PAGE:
Mortgage fraud

Because of the wide ranging nature of fraudulent activities and the potential of solicitors to find themselves criminally liable because of the wide definition of fraud in the Fraud Act 2006 and the extensive offences under anti-money laundering regulations, the Law Society has published a practice note to help solicitors identify when mortgage fraud might be taking place. Of interest are the methods of fraud. These fall into two areas:

1. Opportunistic mortgage fraud
1.1 General methodology
Individual purchasers can commit mortgage fraud by obtaining a higher mortgage than they are entitled to by providing untrue or misleading information or failing to disclose required information. This may include providing incorrect information about:

  • identity
  • income
  • employment
  • other debt obligations
  • the sources of funds other than the mortgage for the purchase
  • the value of the property
  • the price to be paid and whether any payments have been, or will be made, directly between the seller and the purchaser

1.2 Use of professionals
Opportunistic fraudsters will not usually attempt to include their solicitor in the original fraud. However, you may become aware of information conflicting with that provided to the lender as you progress the conveyance.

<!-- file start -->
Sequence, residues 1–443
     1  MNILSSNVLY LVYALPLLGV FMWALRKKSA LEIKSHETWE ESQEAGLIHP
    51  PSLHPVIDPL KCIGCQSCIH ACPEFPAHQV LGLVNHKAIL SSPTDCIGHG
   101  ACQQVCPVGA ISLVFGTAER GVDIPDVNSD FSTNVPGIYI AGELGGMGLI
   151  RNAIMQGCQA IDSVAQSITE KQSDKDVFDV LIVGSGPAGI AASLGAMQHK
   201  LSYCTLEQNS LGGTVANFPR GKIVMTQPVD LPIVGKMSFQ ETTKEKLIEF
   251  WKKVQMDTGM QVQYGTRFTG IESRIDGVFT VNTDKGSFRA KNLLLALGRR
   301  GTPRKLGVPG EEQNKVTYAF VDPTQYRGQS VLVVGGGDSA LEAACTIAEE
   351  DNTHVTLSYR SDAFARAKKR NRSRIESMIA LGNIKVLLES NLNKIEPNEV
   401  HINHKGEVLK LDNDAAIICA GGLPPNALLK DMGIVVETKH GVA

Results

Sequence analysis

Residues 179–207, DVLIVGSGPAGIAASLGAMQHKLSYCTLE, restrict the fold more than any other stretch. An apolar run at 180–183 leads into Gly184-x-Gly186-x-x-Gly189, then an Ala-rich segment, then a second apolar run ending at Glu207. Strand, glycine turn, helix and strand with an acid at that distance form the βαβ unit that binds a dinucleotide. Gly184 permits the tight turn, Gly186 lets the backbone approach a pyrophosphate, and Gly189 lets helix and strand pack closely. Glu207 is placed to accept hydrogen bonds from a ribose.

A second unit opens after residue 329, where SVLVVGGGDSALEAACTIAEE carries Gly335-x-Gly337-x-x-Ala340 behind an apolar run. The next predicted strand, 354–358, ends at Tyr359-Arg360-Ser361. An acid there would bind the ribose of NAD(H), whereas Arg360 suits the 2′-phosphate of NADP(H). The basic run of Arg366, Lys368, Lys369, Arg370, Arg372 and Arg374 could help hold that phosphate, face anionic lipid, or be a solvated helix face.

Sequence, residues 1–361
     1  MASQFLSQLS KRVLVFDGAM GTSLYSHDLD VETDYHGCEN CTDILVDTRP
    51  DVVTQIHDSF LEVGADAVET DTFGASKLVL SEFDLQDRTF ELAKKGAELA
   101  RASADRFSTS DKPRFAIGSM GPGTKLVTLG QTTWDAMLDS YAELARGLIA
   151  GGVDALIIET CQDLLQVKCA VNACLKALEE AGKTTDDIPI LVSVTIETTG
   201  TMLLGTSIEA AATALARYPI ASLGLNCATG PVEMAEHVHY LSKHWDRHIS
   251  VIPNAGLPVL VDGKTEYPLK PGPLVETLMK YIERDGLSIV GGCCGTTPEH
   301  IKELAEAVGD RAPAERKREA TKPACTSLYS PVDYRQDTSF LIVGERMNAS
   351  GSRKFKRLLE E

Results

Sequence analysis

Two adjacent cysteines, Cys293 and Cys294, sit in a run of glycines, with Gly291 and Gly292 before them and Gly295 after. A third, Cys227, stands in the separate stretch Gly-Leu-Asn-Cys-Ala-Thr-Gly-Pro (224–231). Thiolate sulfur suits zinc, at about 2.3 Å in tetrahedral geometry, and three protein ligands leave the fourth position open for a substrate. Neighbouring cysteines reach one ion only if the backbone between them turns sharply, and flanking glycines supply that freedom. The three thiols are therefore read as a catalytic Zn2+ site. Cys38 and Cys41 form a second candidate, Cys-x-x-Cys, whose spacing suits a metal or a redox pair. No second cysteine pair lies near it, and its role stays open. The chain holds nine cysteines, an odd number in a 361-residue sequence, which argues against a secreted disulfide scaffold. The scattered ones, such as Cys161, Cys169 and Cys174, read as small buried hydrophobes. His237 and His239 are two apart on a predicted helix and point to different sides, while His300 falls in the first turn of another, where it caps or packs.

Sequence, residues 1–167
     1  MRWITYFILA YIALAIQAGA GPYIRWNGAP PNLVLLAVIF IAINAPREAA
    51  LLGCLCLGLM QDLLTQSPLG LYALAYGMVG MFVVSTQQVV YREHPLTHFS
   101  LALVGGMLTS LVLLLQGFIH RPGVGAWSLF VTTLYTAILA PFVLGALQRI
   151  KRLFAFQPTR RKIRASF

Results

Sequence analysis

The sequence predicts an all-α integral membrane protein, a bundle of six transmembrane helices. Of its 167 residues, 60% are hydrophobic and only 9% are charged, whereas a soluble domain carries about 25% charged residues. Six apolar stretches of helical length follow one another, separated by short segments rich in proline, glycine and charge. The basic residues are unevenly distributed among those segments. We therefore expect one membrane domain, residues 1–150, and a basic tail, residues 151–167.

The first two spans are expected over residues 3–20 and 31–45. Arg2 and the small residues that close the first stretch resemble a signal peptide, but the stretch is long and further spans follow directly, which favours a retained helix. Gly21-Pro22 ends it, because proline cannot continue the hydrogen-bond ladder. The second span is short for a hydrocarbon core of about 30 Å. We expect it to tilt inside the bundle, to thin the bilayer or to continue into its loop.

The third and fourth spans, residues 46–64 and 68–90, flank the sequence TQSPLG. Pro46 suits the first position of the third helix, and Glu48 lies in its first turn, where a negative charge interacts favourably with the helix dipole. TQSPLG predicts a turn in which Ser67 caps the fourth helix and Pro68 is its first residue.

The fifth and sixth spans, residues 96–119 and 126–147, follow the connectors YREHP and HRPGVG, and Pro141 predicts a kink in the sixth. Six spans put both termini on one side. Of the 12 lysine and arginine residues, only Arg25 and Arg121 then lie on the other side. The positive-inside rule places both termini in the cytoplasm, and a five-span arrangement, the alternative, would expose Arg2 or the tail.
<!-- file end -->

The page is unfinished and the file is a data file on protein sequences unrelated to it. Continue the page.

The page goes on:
Clients engaged in opportunistic fraud may be evasive when questioned on the conflict and may try to dissuade you from conducting relevant checks or advising the lender.

2. Large scale mortgage fraud
2.1 General methodology
Large scale mortgage fraud is usually more sophisticated and involves several properties. It may be committed by criminal groups or individuals, referred to hereon as fraudsters. The buy-to-let market is particularly vulnerable to mortgage fraud, whether through new-build apartment complexes or large scale renovation projects. Occasionally commercial properties will be involved. The common steps are:
  • The nominated purchasers taking out the mortgage often have no beneficial interest in the property, and may even be fictitious.
  • The property value is inflated and the mortgage will be sought for the full inflated valuation.
  • Mortgage payments are often not met and the properties are allowed to deteriorate or used for other criminal or fraudulent activities, including drug production, unlicensed gambling and prostitution.
  • When the bank seeks payment of the mortgage, the fraudsters raise mortgages with another bank through further fictitious purchasers and effectively sell the property back to themselves, but at an even greater leveraged valuation.
  • Because the second mortgage is inflated, the first mortgage and arrears are paid off, leaving a substantial profit. This may be repeated many times

  • Eventually a bank forecloses on the property, only to find it in disrepair and worth significantly less than the current mortgage and its arrears.

2.2 Use of non-bank lenders